The longtime leader of the Mana Contemporary arts center in New Jersey has been removed from his role after being indicted on charges of orchestrating a multimillion-dollar tax fraud scheme.
Eugene Lemay, an artist who founded the initiative and served as executive director of the Jersey City venue, has been “placed on administrative leave pending the results of the current action against him,” a spokesperson for Mana Common, the parent company of Mana Contemporary, told Artnet News. The representative declined to share additional information about the status of the arts hub, including whether or not it has put interim leadership in place.
Mana Contemporary—founded by Lemay with backing from real-estate developer Moishe Mana—is a cultural center, storage facility, studio space, and exhibition venue that immediately made waves upon its opening in 2011. Since its founding, it has expanded to locations in Miami and Chicago.
Last month, the U.S. Attorney’s Office for the Southern District of New York charged Lemay and an accountant colleague, Joel Lingat, with evading more than $7.8 million in federal payroll taxes while helping to run an unidentified moving and storage company. The Jersey City Times has since confirmed the company is Moishe’s Moving Systems, owned by Mana’s eponymous backer Moishe Mana.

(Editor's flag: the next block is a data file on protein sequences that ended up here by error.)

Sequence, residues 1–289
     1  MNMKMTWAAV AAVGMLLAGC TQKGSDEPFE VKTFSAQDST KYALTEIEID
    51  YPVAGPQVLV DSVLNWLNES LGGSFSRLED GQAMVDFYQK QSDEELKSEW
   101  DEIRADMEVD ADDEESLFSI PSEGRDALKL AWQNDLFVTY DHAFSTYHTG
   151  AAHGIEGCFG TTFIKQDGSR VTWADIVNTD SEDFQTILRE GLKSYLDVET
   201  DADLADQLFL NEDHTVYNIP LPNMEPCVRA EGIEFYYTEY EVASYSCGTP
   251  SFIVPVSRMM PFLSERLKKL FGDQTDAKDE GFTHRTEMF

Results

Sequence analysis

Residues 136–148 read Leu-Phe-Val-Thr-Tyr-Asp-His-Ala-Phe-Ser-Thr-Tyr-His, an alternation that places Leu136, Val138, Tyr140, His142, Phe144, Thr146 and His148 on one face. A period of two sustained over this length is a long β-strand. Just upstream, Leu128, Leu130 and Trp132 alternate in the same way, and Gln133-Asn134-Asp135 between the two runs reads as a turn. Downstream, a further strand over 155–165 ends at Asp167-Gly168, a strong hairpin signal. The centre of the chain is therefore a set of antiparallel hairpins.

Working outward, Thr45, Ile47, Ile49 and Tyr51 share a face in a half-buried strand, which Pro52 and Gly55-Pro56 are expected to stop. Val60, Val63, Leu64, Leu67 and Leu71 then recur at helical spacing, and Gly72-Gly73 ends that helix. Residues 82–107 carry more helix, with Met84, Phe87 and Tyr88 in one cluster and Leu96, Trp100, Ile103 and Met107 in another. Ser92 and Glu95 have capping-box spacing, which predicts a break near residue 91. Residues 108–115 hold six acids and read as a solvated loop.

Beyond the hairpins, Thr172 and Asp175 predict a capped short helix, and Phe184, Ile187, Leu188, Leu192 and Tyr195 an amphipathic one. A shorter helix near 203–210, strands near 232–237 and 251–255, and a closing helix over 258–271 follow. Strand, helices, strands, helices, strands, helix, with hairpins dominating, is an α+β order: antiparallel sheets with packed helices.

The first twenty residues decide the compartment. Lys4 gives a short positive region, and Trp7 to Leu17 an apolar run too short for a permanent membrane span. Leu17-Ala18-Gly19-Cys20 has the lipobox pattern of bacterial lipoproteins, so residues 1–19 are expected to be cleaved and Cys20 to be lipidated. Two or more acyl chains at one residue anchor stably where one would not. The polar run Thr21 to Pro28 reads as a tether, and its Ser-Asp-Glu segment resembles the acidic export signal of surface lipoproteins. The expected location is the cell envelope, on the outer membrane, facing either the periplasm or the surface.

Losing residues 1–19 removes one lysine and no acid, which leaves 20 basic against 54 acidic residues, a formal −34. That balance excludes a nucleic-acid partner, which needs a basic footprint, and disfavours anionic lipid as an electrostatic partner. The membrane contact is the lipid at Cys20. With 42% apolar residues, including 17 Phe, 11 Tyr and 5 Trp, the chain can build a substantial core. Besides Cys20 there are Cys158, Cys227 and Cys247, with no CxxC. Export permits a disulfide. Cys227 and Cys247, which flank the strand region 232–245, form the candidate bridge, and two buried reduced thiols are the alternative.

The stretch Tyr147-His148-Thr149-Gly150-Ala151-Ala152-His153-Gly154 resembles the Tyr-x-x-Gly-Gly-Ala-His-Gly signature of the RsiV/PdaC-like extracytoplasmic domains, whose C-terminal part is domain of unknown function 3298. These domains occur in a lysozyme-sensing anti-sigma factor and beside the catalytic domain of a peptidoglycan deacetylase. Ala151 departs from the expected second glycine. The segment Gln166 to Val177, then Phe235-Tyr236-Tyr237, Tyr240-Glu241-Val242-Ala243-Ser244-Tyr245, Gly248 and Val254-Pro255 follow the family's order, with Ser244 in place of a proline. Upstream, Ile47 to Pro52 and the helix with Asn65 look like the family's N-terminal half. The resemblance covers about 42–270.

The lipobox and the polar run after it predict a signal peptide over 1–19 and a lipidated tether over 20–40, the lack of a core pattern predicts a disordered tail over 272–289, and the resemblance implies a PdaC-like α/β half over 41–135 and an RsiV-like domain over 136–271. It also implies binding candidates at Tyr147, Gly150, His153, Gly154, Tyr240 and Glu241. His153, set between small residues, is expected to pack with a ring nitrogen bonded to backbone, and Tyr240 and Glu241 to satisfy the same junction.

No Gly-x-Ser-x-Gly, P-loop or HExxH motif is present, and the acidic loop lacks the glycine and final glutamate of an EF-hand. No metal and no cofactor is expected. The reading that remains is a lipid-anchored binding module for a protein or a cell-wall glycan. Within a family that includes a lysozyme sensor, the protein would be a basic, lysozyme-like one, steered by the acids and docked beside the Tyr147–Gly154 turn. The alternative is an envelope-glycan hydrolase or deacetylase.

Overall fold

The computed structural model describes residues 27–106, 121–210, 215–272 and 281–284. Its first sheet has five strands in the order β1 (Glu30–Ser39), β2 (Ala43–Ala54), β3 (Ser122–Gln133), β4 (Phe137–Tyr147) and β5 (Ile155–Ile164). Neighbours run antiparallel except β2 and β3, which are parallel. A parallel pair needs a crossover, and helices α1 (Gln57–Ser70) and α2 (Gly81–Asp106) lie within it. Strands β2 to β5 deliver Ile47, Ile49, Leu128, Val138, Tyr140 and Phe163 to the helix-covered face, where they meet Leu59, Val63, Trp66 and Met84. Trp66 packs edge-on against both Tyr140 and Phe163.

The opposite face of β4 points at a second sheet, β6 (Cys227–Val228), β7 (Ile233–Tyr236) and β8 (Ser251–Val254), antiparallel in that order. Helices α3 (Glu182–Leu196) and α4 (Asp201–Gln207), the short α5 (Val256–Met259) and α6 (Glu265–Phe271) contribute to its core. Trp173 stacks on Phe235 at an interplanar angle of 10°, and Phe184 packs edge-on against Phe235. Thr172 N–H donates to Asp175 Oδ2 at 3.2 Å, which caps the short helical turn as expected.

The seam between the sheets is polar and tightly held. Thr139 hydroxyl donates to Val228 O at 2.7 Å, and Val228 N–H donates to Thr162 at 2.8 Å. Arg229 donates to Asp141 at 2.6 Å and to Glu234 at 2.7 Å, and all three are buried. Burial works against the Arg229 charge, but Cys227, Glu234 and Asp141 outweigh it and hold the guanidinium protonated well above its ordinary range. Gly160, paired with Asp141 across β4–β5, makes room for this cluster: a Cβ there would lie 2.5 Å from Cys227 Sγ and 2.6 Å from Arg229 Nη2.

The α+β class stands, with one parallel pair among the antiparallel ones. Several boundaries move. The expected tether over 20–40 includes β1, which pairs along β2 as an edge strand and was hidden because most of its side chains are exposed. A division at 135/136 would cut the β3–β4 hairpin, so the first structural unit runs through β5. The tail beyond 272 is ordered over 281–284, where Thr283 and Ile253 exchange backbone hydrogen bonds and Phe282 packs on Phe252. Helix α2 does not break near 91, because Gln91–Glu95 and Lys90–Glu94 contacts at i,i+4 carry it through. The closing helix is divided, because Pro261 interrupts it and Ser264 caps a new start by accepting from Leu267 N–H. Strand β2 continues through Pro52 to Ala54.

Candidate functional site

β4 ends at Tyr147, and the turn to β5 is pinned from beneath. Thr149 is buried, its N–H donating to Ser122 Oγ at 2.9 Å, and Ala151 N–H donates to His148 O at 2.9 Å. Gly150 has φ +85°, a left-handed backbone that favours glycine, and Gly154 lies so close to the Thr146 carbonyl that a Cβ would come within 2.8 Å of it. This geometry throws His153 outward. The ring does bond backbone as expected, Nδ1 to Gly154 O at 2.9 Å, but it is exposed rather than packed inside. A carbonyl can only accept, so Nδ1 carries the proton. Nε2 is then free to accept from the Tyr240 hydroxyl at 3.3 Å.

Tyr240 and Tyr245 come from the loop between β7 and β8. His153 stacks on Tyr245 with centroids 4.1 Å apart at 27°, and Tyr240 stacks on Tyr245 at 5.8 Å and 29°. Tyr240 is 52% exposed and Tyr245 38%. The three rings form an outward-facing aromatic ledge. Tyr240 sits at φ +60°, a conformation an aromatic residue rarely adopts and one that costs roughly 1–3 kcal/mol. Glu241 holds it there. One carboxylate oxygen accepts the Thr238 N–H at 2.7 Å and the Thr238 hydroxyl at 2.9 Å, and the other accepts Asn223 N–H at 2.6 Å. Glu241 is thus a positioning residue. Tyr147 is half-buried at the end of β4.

From 2010 to 2016, U.S. Attorney Damian Williams said in a statement, Lingat and Lemay “ran a scheme that involved paying shell companies and misclassifying workers as independent contractors in order to dodge…payroll taxes.”
Now, the men each face one count of conspiracy to defraud the IRS, which carries a maximum sentence of five years in prison.
Lemay also allegedly “engaged in criminal chicanery” to avoid personal income taxes in 2014 and 2015, according to the attorney’s announcement. For that, the former Mana director faces two additional charges of tax evasion, each of which comes with its own maximum five-year prison stint.
Lemay was the first employee Mana hired upon launching Moishe’s Moving Systems in 1983. The company helped catapult Mana to billionaire status, and Lemay—referred to by the New York Times as Mana’s right-hand man—remained with the company, holding the title of president during the seven years mentioned in the filing.
Lemay’s lawyer did not immediately respond to Artnet News’s request for comment.